吃越多紅肉末期腎病風險越高


  【24drs.com】新研究顯示,攝取紅肉與新加坡華人的末期腎病(end-stage renal disease,ESRD)風險增加有關。
  
  杜克-新加坡國立大學醫學研究院的Quan Lan Lew醫師表示,有許多組織機構建議,已有慢性腎病之患者應減少蛋白質攝取,以延緩ESRD病程。
  
  她報告指出,我們發現,多吃紅肉會增加ESRD風險,用其他蛋白質來源取代紅肉的蛋白質將可降低此風險。
  
  Lew醫師在舊金山舉辦的2015年腎臟週(Kidney Week 2015)發表這些研究結果。
  
  研究者使用了1993-1998年間參與新加坡華人健康研究的60,198名研究對象的資料,這是一篇針對具有南中國血統者所進行的大型人口基礎前瞻世代研究,這些研究對象年齡介於45-74歲。
  
  使用有165題的飲食頻率問卷蒐集特定食物攝取量、飲品攝取量、飲食份量等資料;將這些記錄與2012年12月止的新加坡腎臟登記全國資料庫連結發現,在平均15.5年的追蹤期間內,有951例的偶發ESRD。
  
  Lew醫師報告指出,發生ESRD的病患傾向比較年長、比較可能有抽菸史、有高血壓、糖尿病或兩病皆有、體重比較重。
  
  在基本分析模式中,研究者發現 ,校正年齡、性別、方言、教育程度、訪談年份之後,ESRD風險和任何蛋白質攝取量最多的前四分之三之間有顯著關聯。
  
  不過,Lew醫師表示,當他們校正生活型態和慢性病等變項後,減弱了大多數的正相關性,除了紅肉攝取的情況。
  
  事實上,紅肉攝取量前四分之一者的ESRD相對風險,比攝取量最少的後四分之一者高40%;即便將有共病症者排除分析之後,紅肉攝取量高和ESRD風險之間的關係依舊存在。
  
  Lew醫師解釋,在禽肉、魚貝類、蛋、乳製品、豆製品等並沒有發現這種正相關性。
  
  舉例來說,將每份紅肉用禽肉替代,可降低ESRD相對風險達66% (P< .001),用豆製品取代可降低相對風險達54% (P< .001),用魚肉取代可降低相對風險達52% (P= .002),用蛋取代可降低相對風險達52% (P= .009)。
  
  Lew醫師表示,新加坡很少有人經常吃牛肉,在新加坡華人健康研究這項研究中,紅肉主要是豬肉。
  
  她表示,未來的研究方向是要確定吃紅肉對ESRD風險的病理生理機轉,並且探討慢性腎病患者用其他蛋白質來源取代紅肉時,是否可以延緩發展成ESRD的病程。
  
  位於達拉斯Baylor Scott & White Health的首席學術人員,過去30年致力於研究腎臟如何提高或降低酸挑戰的Donald Wesson醫師表示,當腎臟面臨酸挑戰(例如吃動物來源的蛋白質)時,腎臟會提升荷爾蒙值以幫助在短期內排除酸性物質;不過,長期下來,提升的這些荷爾蒙值會惡化腎臟功能。
  
  他解釋,這個想法是,如果患者減少飲食中的蛋白質總量,長期下來將對腎臟的功能有幫助;但是,在1990年代初期進行的腎臟疾病飲食調整這項研究中,降低飲食中的蛋白質總量,並不會延緩腎病病程。
  
  相對的,Wesson醫師報告指出,他自己的研究顯示,蔬果來源的蛋白質對腎臟帶來的是鹼而不會是酸挑戰。他表示,如果你飲食中增加蔬果量,我們發現,它們對腎功能有保護性。
  
  因此,不同於腎臟學界認為蛋白質對腎功能有毒性影響的福音,他們的研究認為,蛋白質的品質才是重點,而不是蛋白質的量;處方應該是人們多吃蔬果作為蛋白質來源,少吃動物性蛋白質。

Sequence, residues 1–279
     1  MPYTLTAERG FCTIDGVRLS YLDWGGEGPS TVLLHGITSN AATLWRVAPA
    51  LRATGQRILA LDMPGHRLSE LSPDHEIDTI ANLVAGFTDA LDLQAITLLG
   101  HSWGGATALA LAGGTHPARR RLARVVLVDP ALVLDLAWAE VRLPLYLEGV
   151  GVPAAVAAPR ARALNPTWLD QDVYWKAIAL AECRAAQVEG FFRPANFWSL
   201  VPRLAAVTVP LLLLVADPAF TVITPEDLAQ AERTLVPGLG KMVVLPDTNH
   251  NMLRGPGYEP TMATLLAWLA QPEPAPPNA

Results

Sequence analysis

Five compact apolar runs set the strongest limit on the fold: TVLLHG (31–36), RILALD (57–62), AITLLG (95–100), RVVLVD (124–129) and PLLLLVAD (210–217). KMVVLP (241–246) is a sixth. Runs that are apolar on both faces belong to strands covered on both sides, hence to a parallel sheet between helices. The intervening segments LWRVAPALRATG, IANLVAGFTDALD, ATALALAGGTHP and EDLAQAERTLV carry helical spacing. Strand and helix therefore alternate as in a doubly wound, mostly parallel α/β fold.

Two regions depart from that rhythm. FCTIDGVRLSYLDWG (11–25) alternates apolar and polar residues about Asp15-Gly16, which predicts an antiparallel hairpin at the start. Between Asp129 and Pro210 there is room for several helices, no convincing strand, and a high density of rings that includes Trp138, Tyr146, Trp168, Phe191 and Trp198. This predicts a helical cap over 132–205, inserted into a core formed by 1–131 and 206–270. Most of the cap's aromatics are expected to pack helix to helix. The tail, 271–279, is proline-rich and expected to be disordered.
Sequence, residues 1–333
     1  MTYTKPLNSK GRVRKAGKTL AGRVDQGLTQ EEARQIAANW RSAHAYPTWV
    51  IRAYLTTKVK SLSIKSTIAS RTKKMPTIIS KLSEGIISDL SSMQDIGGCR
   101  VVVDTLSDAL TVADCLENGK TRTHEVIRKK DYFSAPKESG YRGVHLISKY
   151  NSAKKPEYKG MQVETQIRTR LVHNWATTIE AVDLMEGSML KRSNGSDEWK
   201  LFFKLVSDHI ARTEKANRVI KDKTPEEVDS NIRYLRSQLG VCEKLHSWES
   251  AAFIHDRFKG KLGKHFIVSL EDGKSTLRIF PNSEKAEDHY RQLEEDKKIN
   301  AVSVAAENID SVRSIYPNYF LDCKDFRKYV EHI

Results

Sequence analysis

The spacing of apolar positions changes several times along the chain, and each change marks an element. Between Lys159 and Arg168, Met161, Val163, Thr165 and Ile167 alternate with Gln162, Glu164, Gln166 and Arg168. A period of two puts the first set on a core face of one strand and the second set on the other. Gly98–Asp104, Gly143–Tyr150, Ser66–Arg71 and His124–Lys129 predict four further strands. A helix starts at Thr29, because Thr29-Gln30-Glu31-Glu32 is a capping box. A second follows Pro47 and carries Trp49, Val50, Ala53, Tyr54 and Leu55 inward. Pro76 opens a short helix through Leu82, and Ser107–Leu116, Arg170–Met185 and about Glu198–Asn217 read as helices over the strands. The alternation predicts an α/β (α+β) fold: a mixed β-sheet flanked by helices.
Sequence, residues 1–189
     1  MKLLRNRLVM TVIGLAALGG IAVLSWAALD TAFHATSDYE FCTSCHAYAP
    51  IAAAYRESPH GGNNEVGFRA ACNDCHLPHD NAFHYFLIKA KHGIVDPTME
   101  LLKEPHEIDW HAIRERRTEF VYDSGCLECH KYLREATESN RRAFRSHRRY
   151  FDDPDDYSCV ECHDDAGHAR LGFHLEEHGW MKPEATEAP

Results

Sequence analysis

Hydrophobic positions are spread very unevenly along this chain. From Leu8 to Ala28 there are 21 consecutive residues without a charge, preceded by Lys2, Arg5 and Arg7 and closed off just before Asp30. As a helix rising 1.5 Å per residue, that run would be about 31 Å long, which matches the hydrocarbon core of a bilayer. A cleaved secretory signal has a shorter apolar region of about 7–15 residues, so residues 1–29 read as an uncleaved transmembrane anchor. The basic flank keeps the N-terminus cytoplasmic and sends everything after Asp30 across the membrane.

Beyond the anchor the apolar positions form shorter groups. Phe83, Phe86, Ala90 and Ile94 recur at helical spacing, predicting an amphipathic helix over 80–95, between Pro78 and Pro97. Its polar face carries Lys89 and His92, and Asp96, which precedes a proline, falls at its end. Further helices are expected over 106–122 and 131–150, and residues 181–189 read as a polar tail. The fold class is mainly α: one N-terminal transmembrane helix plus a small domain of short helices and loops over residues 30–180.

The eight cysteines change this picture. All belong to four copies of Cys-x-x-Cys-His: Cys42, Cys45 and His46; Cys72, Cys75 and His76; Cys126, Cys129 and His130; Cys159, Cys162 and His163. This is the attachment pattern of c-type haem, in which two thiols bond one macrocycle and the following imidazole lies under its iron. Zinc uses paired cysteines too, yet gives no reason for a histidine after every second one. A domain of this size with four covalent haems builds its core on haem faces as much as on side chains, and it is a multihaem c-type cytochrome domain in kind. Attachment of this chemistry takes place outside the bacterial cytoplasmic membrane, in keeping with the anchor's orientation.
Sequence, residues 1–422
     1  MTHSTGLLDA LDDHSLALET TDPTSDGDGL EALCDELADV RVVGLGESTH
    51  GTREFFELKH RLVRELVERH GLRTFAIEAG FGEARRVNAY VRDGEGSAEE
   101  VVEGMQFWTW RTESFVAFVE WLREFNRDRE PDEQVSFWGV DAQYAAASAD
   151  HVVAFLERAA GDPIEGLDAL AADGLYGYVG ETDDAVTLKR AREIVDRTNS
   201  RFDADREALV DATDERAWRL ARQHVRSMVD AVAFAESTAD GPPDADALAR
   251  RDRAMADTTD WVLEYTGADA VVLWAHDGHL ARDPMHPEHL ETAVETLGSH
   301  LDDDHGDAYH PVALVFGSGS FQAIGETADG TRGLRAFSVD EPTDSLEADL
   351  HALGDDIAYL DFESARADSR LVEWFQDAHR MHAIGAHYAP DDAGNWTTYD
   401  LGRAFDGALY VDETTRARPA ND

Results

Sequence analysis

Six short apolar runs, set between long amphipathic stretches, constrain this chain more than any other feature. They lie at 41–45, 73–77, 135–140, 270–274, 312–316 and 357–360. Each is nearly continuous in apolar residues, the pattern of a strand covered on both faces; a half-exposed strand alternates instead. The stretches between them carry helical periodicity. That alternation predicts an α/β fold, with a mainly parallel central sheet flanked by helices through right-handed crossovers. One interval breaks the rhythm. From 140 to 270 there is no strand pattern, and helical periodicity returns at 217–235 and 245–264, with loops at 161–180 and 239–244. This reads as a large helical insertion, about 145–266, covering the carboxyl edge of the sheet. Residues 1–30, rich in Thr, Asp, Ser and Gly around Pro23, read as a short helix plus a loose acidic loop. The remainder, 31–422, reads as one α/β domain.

Wesson醫師表示,他無法推論為什麼新加坡的研究顯示紅肉會影響ESRD風險,而其他動物來源蛋白質不會,但是,他認為,紅肉比其他動物性蛋白質更容易產生酸,因此使紅肉對腎臟特別有毒性。
  
  資料來源:http://www.24drs.com/
  
  Native link:More Red Meat Increases Risk for End-Stage Renal Disease

More Red Meat Increases Risk for End-Stage Renal Disease

By Pam Harrison
Medscape Medical News

There is an association between the consumption of red meat and the risk for end-stage renal disease (ESRD) in people of Chinese origin in the general population of Singapore, new research shows.

"A number of organizations have advocated reducing protein intake in patients with pre-existing chronic kidney disease in order to delay progression to ESRD," said Quan Lan Lew, MD, from the Duke–National University of Singapore Graduate Medical School.

"We found that a high intake of red meat appears to increase ESRD risk, and that replacement of red meat protein with other sources of protein has the potential to reduce this risk," she reported.

Dr Lew presented the study results at the Kidney Week 2015 in San Francisco.

The researchers used data from the 60,198 participants recruited from 1993 to 1998 to the Singapore Chinese Health Study, a large population-based prospective cohort of people of south Chinese descent. Participants were 45 to 74 years of age.

The 165-item food frequency questionnaire was used to collect information on the consumption of specific foods, the number of servings consumed, and the portion sizes consumed.

Record linkage with the nationwide Singapore Renal Registry, up to December 2012, was used to identify 951 cases of incident ESRD during a mean follow-up of 15.5 years.

Patients who developed ESRD tended to be slightly older than those who did not, and were more likely to have smoked at some point, to have hypertension, diabetes, or both, and to be slightly heavier, Dr Lew reported.

In their basic model, the researchers found a significant correlation between ESRD risk and the highest three quartiles of any protein intake after adjustment for age, sex, dialect, educational level, and year of interview.

Red Meat, Not Other Proteins